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  1. #1
    SitePoint Enthusiast SteveMif's Avatar
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    Red face Lame - MySql error 2003 (cannot connect 10061)

    Hi folks... I got into a desperate problem. My MySQL Server 5.1 does not want to connect on my Windows 7 platform. It was working all well until few days ago I added a line in the my.ini configuration file: I just added: default-character-set=utf-8. I have removed that line again and still I cannot get the Server connection. I also reverted to a backup of the .ini files there was in the directory, and still nothing

    The ini file reads as follows:

    Code MySQL:
    # MySQL Server Instance Configuration File
    # ----------------------------------------------------------------------
    # Generated by the MySQL Server Instance Configuration Wizard
    #
    #
    # Installation Instructions
    # ----------------------------------------------------------------------
    #
    # On Linux you can copy this file to /etc/my.cnf to set global options,
    # mysql-data-dir/my.cnf to set server-specific options
    # (@localstatedir@ for this installation) or to
    # ~/.my.cnf to set user-specific options.
    #
    # On Windows you should keep this file in the installation directory 
    # of your server (e.g. C:\Program Files\MySQL\MySQL Server X.Y). To
    # make sure the server reads the config file use the startup option 
    # "--defaults-file". 
    #
    # To run run the server from the command line, execute this in a 
    # command line shell, e.g.
    # mysqld --defaults-file="C:\Program Files\MySQL\MySQL Server X.Y\my.ini"
    #
    # To install the server as a Windows service manually, execute this in a 
    # command line shell, e.g.
    # mysqld --install MySQLXY --defaults-file="C:\Program Files\MySQL\MySQL Server X.Y\my.ini"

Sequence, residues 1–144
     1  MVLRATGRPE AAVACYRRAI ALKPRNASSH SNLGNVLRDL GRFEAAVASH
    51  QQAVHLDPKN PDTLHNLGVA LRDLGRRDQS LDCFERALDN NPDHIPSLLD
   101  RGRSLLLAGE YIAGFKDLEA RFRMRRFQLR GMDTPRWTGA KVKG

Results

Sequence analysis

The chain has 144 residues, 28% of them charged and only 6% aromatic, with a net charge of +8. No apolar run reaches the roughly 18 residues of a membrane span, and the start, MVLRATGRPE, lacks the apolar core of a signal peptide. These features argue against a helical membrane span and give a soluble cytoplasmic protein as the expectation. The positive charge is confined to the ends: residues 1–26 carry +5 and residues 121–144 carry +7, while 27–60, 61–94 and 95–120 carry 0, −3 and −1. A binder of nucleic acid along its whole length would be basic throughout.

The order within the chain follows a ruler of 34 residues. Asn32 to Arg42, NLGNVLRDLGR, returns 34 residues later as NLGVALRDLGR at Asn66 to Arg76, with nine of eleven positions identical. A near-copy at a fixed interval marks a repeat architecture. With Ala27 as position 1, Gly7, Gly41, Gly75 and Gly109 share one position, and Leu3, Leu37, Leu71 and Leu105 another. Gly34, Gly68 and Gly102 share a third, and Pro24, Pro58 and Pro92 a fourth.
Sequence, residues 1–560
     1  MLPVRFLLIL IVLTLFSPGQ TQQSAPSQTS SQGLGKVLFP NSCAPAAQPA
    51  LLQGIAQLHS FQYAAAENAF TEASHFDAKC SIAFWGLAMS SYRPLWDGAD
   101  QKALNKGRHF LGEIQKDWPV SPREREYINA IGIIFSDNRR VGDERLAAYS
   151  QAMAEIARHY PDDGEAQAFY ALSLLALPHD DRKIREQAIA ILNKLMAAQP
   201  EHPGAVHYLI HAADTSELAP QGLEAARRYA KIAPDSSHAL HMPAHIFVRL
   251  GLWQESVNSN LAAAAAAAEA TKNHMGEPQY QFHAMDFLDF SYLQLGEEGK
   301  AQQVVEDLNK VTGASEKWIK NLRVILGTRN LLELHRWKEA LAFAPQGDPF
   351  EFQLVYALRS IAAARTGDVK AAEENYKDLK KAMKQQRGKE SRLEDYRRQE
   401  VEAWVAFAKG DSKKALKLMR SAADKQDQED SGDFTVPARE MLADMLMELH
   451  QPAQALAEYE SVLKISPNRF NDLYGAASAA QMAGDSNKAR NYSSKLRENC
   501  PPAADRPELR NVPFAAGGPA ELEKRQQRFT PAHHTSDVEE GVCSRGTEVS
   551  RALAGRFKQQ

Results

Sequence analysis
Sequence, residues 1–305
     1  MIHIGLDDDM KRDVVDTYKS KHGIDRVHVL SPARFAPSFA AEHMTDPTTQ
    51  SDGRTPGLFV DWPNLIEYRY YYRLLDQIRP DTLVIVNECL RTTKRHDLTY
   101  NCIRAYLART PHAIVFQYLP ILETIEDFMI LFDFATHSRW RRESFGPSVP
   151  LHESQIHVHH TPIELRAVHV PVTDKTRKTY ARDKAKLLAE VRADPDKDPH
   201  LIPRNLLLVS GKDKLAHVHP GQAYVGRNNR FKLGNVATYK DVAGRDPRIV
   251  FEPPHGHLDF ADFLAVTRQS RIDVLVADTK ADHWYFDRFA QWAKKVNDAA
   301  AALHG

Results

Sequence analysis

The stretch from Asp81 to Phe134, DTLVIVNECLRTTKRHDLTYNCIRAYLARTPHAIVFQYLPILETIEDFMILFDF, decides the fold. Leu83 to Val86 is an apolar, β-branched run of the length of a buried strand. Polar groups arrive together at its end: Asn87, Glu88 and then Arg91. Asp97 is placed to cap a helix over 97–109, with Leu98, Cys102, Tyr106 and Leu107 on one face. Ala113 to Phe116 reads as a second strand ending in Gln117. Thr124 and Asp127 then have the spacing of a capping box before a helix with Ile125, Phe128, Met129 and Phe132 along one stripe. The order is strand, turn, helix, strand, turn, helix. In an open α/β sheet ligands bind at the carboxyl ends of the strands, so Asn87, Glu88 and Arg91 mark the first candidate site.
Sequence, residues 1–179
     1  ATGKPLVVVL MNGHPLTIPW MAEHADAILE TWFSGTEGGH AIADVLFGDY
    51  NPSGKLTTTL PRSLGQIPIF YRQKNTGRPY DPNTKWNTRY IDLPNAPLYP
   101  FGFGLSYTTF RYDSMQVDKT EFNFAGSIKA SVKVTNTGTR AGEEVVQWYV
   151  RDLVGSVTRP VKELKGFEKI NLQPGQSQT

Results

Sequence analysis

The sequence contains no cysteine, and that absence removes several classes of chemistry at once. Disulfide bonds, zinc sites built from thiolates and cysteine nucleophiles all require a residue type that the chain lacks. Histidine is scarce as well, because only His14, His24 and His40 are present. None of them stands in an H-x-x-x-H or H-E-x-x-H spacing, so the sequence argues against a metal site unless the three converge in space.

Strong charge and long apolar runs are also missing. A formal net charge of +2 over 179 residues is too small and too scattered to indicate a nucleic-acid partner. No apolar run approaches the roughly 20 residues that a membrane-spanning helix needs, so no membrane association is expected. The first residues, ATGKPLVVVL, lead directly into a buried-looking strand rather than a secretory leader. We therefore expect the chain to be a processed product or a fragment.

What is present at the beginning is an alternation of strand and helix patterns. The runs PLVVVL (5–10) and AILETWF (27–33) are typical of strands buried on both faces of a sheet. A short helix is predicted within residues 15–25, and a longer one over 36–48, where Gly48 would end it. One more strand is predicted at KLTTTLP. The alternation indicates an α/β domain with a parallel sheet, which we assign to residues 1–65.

#
    # And then execute this in a command line shell to start the server, e.g.
    # net start MySQLXY
    #
    #
    # Guildlines for editing this file
    # ----------------------------------------------------------------------
    #
    # In this file, you can use all long options that the program supports.
    # If you want to know the options a program supports, start the program
    # with the "--help" option.
    #
    # More detailed information about the individual options can also be
    # found in the manual.
    #
    #
    # CLIENT SECTION
    # ----------------------------------------------------------------------
    #
    # The following options will be read by MySQL client applications.
    # Note that only client applications shipped by MySQL are guaranteed
    # to read this section. If you want your own MySQL client program to
    # honor these values, you need to specify it as an option during the
    # MySQL client library initialization.
    #
    [client]
     
    port=3306
     
    [mysql]
     
    default-character-set=latin1
     
     
    # SERVER SECTION
    # ----------------------------------------------------------------------
    #
    # The following options will be read by the MySQL Server. Make sure that
    # you have installed the server correctly (see above) so it reads this 
    # file.
    #
    [mysqld]
     
    # The TCP/IP Port the MySQL Server will listen on
    port=3306
     
     
    #Path to installation directory. All paths are usually resolved relative to this.
    basedir="C:/Program Files/MySQL/MySQL Server 5.1/"
     
    #Path to the database root
    datadir="C:/ProgramData/MySQL/MySQL Server 5.1/Data/"
     
    # The default character set that will be used when a new schema or table is
    # created and no character set is defined
    # default-character-set=utf-8
     
    # The default storage engine that will be used when create new tables when
    default-storage-engine=INNODB